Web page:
I'm a fan of science fiction, among other things. Last year, I read Ender's Game for the first time. I loved it, I can't tell you how much I loved it. I hear that there is a movie in the works. I'm usually disappointed by movies based on the books that I love, but I don't care. I wanted to see it anyways.
That's not what was disturbing.
Last week I came across an article about the writer of Ender's Game, Orson Scott Card. DC Comics has asked Card to write for their newest Superman series, Adventures of Superman. Great! Right? No, actually it's not, and a lot of people are pretty upset.
You see, the disturbing thing is that Orson Scott Card is a raging homophobic. Look, opinions are like assholes, everyone has one. I have my opinions, I don't expect everyone else to agree with me. I know I'm right, but that's not the point. Despite my attempts at tolerance, I know that I am incapable of not thinking about this little tidbit of information anytime I think about this great book. The book is now tainted. I probably won't want to go see the movie, I probably won't pick up the book again, I probably won't recommend it to anyone. (Fortunately I didn't actually pay for the book, so I haven't yet supported him financially.)
The dark secret of homosexual society—the one that dares not speak its name—is how many homosexuals first entered into that world through a disturbing seduction or rape or molestation or abuse. (“Homosexual ‘Marriage’ and Civilization”, 2004)Card's views on homosexuality are egregiously distorted.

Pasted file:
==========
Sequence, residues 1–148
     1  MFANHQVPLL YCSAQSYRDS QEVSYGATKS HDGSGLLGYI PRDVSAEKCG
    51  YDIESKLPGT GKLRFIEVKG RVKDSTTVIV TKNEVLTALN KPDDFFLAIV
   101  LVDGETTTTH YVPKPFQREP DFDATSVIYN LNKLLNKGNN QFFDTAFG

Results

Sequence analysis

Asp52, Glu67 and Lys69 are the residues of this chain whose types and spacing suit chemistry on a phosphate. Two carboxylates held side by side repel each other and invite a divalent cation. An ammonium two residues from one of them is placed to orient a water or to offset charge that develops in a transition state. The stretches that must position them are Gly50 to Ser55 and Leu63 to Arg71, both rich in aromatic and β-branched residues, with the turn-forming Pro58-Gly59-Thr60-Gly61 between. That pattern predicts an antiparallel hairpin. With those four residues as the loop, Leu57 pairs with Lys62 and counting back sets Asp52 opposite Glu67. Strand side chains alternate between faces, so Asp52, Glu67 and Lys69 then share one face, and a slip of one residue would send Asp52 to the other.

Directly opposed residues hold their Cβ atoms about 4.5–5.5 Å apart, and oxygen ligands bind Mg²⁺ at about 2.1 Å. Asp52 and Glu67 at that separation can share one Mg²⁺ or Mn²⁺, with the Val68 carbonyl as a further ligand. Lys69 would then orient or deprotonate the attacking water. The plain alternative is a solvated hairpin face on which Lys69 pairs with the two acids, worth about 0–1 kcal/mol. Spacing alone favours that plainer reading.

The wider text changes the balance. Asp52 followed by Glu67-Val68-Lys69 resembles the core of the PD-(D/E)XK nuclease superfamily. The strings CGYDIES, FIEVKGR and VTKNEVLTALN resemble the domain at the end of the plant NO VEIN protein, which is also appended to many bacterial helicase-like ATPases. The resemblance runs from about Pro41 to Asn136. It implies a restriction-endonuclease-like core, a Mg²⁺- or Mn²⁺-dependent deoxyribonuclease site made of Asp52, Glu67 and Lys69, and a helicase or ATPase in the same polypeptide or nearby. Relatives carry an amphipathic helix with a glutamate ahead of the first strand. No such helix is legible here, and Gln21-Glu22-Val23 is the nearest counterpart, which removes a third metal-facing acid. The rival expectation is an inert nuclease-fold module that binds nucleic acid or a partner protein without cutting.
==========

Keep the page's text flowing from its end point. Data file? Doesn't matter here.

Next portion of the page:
The argument by the hypocrites of homosexuality that homosexual tendencies are genetically ingrained in some individuals is almost laughably irrelevant. We are all genetically predisposed toward some sin or another; we are all expected to control those genetic predispositions when it is possible. ("The Hypocrites of Homosexuality", 1990)
I am not in the habit of posting about my political or social views, that's not what this blog was intended to be about. Almost everything that I have posted about I have had to keep secret from those in my "real" life. What is ironic is that my life, my inability to "control [my] genetic predispositions" gives credit to Card's views. So, in addition to the cheating and the lying, I also get to enjoy the guilt of epitomizing the man that Card is speaking out against.
In my public life, I am a straight man (bisexual man to a precious few) that fully and whole-heartedly supports such novel ideas of equal rights for everyone, the right for people to marry whomever they want to marry, the right for all boys to gain the benefits of being a Boy Scout, the right of children to grow up in a safe environment free from bullying.
I realize that I am beginning to ramble on, so I will stop now. I just, I guess I want to say that I try to be as open-minded as possible, even to those whose beliefs directly contradict my own. Perhaps I am not as tolerant as I thought.